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Forage Performance Trials Report:

C.O.R.N. Newsletter Articles

  1. Author(s): Mark Sulc

    One of these days soon we will have a frost. There is potential for some forage toxicities and other problems that can develop after a frost. Prussic acid poisoning and high nitrates are the main concern with a few specific annual forages and several weed species, but there is also an increased risk of bloat when grazing legumes after a frost.

    Issue: 2021-36
  2. Author(s): Mark Sulc

    Authors Note:

    Since preparing this article last week, a severe fall armyworm outbreak has developed across Ohio. Here are some comments about managing hayfields in view of this fall armyworm outbreak:

    Issue: 2021-29
  3. field of oats with pink flag and measuring stick
    Author(s): Allen Gahler , Author(s): Jason Hartschuh, CCA

    While some parts of Ohio have been rather dry this spring and into summer, other areas have been consistently wet throughout.  Either scenario can cause significant problems for grazing and haymaking.  If you are looking for alternative forages to either graze or harvest for hay yet this season, oats in one crop to consider, in part because of its flexibility as a feed, yield potential, and low-cost establishment.  While traditionally planted as the first crop in early April as a grain crop or an early season forage, One of the beauties of oats is its versatility in planting date.

    Issue: 2021-24
  4. close up image of red clover
    Author(s): Mark Sulc , Author(s): L. H. Rhodes , Author(s): D. K. Gerken

    Recent concerns and management questions have arisen from equine owners and managers about clover slobbers. One of the causes of excessive salivation in horses is a fungal disease of clover, commonly referred to as “blackpatch”. This pathogen infects legumes (especially clover species) when temperatures exceed 80F with humid/wet conditions, like we have been experiencing in Ohio. Here we are re-running an article about blackpatch  written a number of years ago by Lanny Rhodes, Emeritus Professor of Plant Pathology at OSU.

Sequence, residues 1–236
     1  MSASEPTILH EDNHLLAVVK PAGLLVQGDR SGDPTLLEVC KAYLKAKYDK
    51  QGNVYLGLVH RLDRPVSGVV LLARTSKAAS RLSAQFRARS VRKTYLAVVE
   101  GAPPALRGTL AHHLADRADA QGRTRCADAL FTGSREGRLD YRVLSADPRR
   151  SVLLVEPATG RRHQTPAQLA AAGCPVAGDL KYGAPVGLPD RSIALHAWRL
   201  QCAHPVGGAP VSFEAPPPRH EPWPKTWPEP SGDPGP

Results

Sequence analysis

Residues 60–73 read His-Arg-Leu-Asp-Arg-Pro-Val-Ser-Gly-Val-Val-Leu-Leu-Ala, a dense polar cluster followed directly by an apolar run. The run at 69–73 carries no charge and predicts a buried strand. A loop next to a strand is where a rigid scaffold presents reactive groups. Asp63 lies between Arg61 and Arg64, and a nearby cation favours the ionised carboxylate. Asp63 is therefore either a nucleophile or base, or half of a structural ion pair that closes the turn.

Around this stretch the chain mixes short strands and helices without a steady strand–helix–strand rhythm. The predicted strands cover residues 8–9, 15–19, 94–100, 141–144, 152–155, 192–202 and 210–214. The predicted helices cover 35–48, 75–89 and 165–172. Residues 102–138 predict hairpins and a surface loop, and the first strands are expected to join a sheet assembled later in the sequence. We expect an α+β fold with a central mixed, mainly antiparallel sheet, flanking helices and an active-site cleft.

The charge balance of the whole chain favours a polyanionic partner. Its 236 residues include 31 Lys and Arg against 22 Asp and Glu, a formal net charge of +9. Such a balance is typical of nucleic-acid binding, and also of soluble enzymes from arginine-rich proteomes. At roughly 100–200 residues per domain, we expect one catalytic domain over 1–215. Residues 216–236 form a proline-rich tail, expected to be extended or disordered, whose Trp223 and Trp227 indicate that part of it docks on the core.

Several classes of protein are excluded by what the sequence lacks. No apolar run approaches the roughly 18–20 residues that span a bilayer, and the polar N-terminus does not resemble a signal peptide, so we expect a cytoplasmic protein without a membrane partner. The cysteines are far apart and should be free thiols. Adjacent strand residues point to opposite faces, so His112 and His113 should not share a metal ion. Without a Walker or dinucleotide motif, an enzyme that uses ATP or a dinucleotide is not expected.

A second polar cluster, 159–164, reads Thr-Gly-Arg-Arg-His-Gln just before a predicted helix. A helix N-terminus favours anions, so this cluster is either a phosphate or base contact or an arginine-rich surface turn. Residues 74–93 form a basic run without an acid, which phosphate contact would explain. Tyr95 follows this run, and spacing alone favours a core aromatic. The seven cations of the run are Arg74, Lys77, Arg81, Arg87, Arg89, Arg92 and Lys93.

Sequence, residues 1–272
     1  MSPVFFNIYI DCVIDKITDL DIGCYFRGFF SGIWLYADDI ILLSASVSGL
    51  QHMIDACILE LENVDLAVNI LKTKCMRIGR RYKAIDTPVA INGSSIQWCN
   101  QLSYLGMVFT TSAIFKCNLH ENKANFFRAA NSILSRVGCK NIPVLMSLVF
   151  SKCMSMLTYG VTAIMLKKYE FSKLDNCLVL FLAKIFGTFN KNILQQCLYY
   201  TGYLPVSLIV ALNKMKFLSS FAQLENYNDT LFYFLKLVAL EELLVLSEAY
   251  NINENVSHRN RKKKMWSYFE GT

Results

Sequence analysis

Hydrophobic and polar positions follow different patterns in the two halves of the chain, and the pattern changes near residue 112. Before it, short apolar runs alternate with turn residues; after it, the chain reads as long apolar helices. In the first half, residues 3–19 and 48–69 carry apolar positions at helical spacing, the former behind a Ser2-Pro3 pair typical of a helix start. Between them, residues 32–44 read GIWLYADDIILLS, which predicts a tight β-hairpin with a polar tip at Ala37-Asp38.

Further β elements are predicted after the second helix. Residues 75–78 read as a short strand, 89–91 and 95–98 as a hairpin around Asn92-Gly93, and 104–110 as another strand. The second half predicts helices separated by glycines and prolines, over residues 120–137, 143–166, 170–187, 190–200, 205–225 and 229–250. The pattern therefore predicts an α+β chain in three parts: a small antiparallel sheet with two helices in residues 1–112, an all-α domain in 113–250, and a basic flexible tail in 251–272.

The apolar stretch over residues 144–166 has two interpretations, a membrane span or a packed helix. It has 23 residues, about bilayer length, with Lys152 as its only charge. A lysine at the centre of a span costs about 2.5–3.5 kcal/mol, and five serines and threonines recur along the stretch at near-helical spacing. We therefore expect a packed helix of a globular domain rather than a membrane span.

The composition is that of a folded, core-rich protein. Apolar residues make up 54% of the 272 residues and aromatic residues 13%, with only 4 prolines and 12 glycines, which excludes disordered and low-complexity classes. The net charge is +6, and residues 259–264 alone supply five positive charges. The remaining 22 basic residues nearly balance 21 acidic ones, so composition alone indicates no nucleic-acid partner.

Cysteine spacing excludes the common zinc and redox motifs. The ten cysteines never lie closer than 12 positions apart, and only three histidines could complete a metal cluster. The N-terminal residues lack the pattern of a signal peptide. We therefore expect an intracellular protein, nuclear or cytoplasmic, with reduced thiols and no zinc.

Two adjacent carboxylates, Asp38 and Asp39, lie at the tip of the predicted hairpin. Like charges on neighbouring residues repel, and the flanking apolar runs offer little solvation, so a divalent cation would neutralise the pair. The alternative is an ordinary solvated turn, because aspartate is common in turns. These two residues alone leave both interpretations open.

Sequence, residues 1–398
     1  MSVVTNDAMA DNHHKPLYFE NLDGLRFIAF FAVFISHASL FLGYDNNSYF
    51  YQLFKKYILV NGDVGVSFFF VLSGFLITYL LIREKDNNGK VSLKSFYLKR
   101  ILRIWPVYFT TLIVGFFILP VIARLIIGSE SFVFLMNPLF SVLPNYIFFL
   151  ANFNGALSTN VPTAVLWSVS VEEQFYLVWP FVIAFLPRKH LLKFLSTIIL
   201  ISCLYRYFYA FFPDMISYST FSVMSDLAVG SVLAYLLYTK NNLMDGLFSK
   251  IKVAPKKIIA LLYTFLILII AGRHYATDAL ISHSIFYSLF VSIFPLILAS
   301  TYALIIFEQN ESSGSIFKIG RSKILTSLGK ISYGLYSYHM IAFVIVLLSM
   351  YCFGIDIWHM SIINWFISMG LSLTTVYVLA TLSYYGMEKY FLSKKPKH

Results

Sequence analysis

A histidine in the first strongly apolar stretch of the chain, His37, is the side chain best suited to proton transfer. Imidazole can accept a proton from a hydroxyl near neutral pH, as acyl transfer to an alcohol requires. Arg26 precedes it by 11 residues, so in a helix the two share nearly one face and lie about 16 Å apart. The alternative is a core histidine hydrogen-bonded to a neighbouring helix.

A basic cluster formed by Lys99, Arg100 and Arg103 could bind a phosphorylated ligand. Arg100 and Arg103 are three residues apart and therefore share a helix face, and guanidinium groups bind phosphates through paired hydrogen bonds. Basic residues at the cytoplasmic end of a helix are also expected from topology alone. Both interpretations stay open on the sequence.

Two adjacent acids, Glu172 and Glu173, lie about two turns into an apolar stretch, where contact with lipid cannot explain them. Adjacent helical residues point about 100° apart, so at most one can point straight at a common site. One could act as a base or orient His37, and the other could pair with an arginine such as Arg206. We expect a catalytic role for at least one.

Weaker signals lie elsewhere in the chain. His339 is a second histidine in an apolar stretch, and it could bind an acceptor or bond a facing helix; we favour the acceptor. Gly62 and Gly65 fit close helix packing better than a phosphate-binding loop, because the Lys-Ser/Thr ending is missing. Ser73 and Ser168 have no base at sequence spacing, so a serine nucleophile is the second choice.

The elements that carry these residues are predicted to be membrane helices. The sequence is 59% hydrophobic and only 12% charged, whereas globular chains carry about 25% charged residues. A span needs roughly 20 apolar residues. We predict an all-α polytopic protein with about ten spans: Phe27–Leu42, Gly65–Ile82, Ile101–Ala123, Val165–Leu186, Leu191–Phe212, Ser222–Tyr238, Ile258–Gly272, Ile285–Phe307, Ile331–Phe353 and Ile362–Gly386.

Issue: 2021-24
  5. tractor pulling mower through field of hay
    Author(s): Mark Sulc , Author(s): Jason Hartschuh, CCA , Author(s): Allen Gahler

    The rainy weather in many regions of Ohio and surrounding states is making it difficult to harvest hay crops.  We usually wait for a clear forecast before cutting hay, and with good reason because hay does not dry in the rain! Cutting hay is certainly a gamble but waiting for the perfect stretch of weather can end up costing us through large reductions in forage quality as the crop matures.

    Issue: 2021-22


  1. 01/2011

    Control of Insect Pests of Field Crops, Bulletin 545. Gives detailed information on pest control thresholds and insecticide options for management of insects in corn, soybean, wheat and alfalfa.

  2. 06/2019

    Corn, Soybean, Wheat and Alfalfa Field Guide, Bulletin 827.Looking for a handy guide to take to the field to diagnosis various pest and production problems? This guide is the answer! You will want one of these guides in the truck and maybe a second in the tractor.

  3. 12/2020

    Ohio, Indiana and Illinois Weed Control Guide, Bulletin 789. Publication gives detailed guidance on weed control selections. Numerous tables by crop and application help producers select the best product option for their weed control situation. Hard copy and PDF available for purchase

  4. 04/2017

    Ohio Agronomy Guide 15th Edition, Bulletin 472. The newly revised Ohio Agronomy Guide serves as the official compilation of adaptive results and recommendations from research and educational programs. Described in this manual is information on Ohio's climate and soil, soil and water management, soil fertility, and corn, small grain, and forage crop production and management. Also, seed evaluation and weed control for the previously listed crops are discussed.

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